Hudson passes physical, extension with Braves all but official

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Mark Bowman of MLB.com reports that Tim Hudson “has passed his physical and essentially made his three-year contract extension a done deal.”
Unlike the Rays and Pirates with yesterday’s Akinori Iwamura-for-Jesse Chavez trade the Braves will likely wait until after the World Series to officially announce the Hudson deal, but he’s expected to receive about $27 million over three years.
Hudson’s old contract contained a $12 million mutual option for 2010, but the two sides reportedly worked out a new deal last week and merely had to wait until the insurance company approved a doctor to do the physical exam. Atlanta had strong rotation depth even before re-signing Hudson through 2012, so the Braves seem almost guaranteed to trade a starting pitcher this offseason.
They’d no doubt like to unload the remaining three years and $45 million on Derek Lowe’s contract, but if that proves impossible parting with Javier Vazquez or Kenshin Kawakami are also options. With a front three of Hudson, Tommy Hanson, and Jair Jurrjens in place for at least the next three years general manager Frank Wren has quite a bit of flexibility and the assets to address other areas.

21-year-old Gleyber Torres homers twice off of 44-year-old Bartolo Colon

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Yankees second baseman Gleyber Torres was born on December 13, 1996. That year, Bartolo Colon (who turns 45 years old on Thursday) was wrapping up a season he spent with Double-A Canton-Akron and Triple-A Buffalo. He would debut in the majors the following April.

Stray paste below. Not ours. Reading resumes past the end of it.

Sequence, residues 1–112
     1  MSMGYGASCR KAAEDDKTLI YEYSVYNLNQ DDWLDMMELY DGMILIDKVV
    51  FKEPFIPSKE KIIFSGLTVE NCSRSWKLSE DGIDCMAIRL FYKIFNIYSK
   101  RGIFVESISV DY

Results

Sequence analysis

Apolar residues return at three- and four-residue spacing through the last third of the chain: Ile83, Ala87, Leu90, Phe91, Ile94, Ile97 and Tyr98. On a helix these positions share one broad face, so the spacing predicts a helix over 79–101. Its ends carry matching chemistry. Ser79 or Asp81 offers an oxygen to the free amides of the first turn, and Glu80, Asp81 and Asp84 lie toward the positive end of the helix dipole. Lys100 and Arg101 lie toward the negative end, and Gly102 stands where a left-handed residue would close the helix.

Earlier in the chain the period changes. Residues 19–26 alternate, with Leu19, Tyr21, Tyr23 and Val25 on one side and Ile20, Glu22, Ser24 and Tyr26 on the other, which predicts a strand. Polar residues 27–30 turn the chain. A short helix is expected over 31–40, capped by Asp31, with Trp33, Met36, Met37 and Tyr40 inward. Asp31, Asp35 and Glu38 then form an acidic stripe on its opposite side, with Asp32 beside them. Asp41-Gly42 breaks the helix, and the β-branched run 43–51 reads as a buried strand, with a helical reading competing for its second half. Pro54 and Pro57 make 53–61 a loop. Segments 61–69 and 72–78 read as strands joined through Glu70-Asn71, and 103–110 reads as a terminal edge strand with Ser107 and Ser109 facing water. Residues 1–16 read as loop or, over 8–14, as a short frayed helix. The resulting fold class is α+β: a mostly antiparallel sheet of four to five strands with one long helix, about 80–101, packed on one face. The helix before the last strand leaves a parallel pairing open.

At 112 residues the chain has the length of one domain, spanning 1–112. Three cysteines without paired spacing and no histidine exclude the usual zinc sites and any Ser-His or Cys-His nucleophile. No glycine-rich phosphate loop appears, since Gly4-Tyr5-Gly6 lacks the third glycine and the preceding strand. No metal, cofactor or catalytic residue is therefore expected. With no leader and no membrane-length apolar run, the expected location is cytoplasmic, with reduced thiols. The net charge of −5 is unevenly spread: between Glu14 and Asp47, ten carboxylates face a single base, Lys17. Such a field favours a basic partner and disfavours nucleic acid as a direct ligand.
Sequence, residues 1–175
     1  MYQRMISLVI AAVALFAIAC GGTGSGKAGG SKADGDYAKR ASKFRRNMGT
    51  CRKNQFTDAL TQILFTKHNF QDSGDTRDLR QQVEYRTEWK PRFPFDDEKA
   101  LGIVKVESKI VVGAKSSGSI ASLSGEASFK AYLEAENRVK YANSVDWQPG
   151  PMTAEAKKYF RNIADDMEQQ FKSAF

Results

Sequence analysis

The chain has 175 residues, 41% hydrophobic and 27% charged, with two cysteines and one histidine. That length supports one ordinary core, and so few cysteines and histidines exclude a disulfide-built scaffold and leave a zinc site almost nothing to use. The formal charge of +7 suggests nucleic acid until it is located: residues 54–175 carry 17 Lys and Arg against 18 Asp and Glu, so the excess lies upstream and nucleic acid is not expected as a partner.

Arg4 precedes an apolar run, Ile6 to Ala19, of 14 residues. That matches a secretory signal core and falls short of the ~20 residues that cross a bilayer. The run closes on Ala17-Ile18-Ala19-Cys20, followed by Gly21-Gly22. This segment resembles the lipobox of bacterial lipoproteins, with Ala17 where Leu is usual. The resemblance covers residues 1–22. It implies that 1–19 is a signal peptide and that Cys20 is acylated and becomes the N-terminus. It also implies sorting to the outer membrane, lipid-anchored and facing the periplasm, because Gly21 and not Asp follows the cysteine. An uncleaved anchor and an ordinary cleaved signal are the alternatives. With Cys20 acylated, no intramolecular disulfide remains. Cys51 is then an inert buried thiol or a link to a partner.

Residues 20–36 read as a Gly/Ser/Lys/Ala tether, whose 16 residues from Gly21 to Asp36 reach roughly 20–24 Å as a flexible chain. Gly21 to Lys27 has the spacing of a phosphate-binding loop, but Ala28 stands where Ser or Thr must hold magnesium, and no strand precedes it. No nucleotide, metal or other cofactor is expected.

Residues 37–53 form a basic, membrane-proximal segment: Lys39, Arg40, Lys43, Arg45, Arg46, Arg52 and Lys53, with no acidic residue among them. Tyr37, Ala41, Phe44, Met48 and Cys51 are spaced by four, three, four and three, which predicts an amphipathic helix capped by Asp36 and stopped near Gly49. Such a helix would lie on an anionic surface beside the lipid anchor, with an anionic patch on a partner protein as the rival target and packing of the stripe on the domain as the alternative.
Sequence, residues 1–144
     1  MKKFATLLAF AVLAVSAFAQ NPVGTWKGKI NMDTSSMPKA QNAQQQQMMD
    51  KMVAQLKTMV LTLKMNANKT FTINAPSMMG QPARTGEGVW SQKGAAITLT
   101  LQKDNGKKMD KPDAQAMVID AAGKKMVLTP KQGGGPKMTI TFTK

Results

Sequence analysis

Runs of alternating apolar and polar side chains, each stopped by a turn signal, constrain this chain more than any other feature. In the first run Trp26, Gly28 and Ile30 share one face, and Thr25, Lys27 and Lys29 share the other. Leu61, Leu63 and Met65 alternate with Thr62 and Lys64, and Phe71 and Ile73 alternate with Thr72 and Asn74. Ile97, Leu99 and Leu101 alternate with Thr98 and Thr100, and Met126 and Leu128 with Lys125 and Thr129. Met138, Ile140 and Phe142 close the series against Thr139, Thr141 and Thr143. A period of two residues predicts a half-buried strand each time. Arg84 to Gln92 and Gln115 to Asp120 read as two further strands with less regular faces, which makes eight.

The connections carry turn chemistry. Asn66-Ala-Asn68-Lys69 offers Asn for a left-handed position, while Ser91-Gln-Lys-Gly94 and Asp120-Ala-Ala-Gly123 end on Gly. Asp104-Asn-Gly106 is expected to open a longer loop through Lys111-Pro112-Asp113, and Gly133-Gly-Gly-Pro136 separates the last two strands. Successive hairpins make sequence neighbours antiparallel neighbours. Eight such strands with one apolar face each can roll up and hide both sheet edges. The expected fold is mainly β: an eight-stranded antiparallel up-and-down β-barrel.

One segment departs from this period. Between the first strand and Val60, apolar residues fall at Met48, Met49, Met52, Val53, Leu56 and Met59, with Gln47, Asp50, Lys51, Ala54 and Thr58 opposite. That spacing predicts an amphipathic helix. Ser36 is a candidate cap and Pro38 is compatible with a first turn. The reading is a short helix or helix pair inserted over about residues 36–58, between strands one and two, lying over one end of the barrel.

In a clash of generations, the 21-year-old Torres and Colon squared off on Monday as the Yankees visited the Rangers. Torres won the battle twice, drilling a two-run home run off of Colon in the second inning and a solo shot off of Colon in the fourth. Colon wound up giving up six runs in total on eight hits (including four homers) and a walk with four strikeouts in 5 1/3 innings.

Here is video of the first homer Torres hit:

Torres is the second-youngest Yankee in club history with a multi-homer game. Mickey Mantle was 20 years and 296 days old when he went yard twice on August 11, 1952. Torres is 21 years, 159 days old. Joe DiMaggio was 21-212 when he hit two on June 24, 1936.

So much for respecting one’s elders. We’re currently seeing a youth movement in baseball. 19-year-old Juan Soto hit his first major league homer on Monday against the Padres. 20-year-olds Ronald Acuña and Mike Soroka debuted for the Braves earlier this year. Could 19-year-old Blue Jays prospect Vladimir Guerrero, Jr. join them soon?